70% of business leaders admitted to not being prepared for the shift to remote work. Businesses need to switch their focus from not just playing defense and blocking attacks but to the active prevention and detection of threats.
Throughout the past few months, the world has been turned upside down due to COVID-19. However, the need for cybersecurity remains. Despite the hardships that many businesses are facing, cybercriminals have not let up during this time of uncertainty. In fact, they’ve done the opposite.
According to a recent analysis published by the FBI, cybercrime reports have quadrupled since the COVID-19 outbreak.
These digital mercenaries have preyed upon the fear and confusion surrounding the pandemic by targetting the most vulnerable, so although many things have changed, the need for you to structure your business so it is protected from cybercrime remains a constant, and, we’d argue, more important than ever.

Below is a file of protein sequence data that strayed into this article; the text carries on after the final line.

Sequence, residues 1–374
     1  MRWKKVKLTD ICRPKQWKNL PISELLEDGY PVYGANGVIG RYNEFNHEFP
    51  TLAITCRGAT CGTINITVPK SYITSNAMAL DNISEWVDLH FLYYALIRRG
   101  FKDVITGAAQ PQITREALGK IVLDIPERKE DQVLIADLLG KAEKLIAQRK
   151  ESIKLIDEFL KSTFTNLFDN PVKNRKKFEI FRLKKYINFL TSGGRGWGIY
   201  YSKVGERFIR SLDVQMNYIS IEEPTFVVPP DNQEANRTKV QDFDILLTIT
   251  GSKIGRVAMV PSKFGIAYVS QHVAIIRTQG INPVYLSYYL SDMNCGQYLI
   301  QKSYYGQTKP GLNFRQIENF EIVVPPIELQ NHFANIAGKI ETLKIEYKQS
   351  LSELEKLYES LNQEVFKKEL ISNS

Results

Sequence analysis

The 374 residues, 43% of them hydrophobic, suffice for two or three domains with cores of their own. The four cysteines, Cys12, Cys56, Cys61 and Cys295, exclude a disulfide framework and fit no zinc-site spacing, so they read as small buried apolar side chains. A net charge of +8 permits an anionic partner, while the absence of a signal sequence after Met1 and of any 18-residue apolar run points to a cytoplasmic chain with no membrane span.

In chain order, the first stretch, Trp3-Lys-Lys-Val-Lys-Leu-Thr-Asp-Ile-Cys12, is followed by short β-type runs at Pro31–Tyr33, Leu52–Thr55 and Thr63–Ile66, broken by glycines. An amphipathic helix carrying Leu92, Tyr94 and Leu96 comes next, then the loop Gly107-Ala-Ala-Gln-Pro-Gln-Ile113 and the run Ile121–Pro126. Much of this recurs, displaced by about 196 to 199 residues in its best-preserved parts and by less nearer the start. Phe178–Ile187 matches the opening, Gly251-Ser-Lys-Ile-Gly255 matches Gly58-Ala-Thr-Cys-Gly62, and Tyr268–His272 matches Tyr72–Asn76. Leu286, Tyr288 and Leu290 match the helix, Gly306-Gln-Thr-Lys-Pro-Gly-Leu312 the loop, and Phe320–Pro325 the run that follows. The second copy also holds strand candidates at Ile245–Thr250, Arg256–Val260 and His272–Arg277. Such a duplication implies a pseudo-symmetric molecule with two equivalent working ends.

Think about it. If an in-house worker falls victim to a phishing attempt, odds are you have cybersecurity defenses built into your office network to be able to mitigate the damage that attack caused. However, since the majority of the workforce is working from home, there is no longer that layer of safety built in to protect your company.
“In effect, the protection of the network is being left in the hands of the end user,” according to Forbes.
This is the worst-case scenario.
With this in mind and the fact that 70% of business leaders admitted to not being prepared for the shift to remote work, according to Harvard Business School, businesses need to switch their focus from not just playing defense and blocking attacks but to the active prevention and detection of threats.
This is possible through a myriad of avenues such as employee cybersecurity training, advanced analytics, and detailed technology planning. The most important thing to realize is that the need for this new level of protection will not and should not end once COVID-19 does.
As Forbes states, “There is reason to believe that some workers will not return to their offices once the effects of the pandemic have subsided. The implication for cybersecurity is that this is not just a temporary storm to be weathered, but a long-lasting shift that needs permanent adaptation.”
When it comes to cybersecurity, businesses need to be preparing for not just a new, temporary normal — but a better normal that will ensure the protection of your workforce and assets.
Check out this post from Forbes for more!